EMV technology features credit and debit cards embedded with microprocessor chips that store and protect cardholder data. It is fast becoming the global standard for all card payments, and is also beginning to include mobile phone payments apps that will become commonplace in the near future. EMV stands for the original developers Europay, MasterCard and Visa.
Microprocessor chips increase security and minimize fraud, offering greater protection to cardholders and merchants. Most banks are well on their way in the process of re-issuing magnetic strip credit cards with microchip-enabled cards.
The reason you need to make the switch to EMV cards is because it is the direction in which card payment technology is evolving and it will become the norm in time to come.
This is how EMV works
Chip-enabled cards are standard bank issued cards that are embedded with a micro computer chip. The cards generally do not look much different, but the behind the scenes technology is where all the difference lies.
EMV is a global initiative to beat fraud and protect the sensitive payment data transmitted with every credit or debit card payment. A chip-enabled credit or debit card secures data much more aggressively than what a magnetic strip credit or debit card can. Chip-enabled cards support dynamic authentication, while magnetic strip cards have static data that can easily be copied by skimming the information with a simple card-reading device.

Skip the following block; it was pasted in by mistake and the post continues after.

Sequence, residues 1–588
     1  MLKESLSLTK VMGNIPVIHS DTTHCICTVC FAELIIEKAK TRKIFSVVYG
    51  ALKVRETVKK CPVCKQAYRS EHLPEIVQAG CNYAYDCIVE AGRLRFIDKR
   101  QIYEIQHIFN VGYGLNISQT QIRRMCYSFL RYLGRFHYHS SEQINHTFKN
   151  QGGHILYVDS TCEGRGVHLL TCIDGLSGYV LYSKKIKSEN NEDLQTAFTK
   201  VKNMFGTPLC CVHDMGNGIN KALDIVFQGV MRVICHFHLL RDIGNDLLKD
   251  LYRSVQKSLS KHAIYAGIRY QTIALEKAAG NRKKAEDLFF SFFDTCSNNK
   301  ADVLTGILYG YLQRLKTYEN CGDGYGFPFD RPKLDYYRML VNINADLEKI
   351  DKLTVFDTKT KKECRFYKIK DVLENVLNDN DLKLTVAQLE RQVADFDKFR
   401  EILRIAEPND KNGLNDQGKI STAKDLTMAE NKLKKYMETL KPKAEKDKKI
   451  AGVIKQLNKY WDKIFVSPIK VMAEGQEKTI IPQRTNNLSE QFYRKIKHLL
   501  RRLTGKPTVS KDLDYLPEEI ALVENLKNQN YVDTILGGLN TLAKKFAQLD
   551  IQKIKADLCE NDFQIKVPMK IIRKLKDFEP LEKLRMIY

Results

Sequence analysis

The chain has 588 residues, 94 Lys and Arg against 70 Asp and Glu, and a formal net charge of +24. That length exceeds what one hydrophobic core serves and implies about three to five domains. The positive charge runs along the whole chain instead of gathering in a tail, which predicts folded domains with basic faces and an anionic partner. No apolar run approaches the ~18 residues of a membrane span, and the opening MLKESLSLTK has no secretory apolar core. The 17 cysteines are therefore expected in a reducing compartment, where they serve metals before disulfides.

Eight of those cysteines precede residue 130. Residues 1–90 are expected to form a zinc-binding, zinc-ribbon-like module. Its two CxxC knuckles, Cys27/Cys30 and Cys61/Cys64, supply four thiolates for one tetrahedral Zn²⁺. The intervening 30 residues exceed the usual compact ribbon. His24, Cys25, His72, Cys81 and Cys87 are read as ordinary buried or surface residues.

If the from the magnetic strip of a card without an EMV chip has been skimmed, the card can be reproduced and transferred to counterfeit cards without raising any red-flags with merchants. EMV technology prevents counterfeit fraud with dynamic values existing within each individual chip that is verified by the point-of-sale device when payment is made, ensuring that the card is authentic.
EMV will also put cash in merchant’s pockets that can be kept or passed on to customers
By preventing fraud and the related charge-backs to merchants, EMV acceptance will bring additional cost savings. Most payment brands are encouraging the change to chip-enabled cards by ensuring that chip-enabled card holders can pay at chip-enabled card readers. One of these initiatives has been introduced by American Express, Discover, MasterCard and Visa who have issued upcoming rules and guideline encouraging processors and merchants to implement EMV chip technology. The crux is that they have introduced programs that waive a merchant’s annual PCI-DSS if 75% of the respective payment brand-specific transactions are processed through a dual contact and contactless EMV certified device.
On the negative side, American Express, Discover, MasterCard and Visa have introduced upcoming liability shifts for fraudulent card transactions. Any merchant or processor that does not support EMV chip technology may be liable for the cost of counterfeit fraud. Liability shift policy refers to the change in who bears the chargeback cost of fraudulent transactions.
Want to learn more?
For more information about EMV cards, or to sign up for a merchant account today, just call 1-888-924-2743 or visit Charge.com.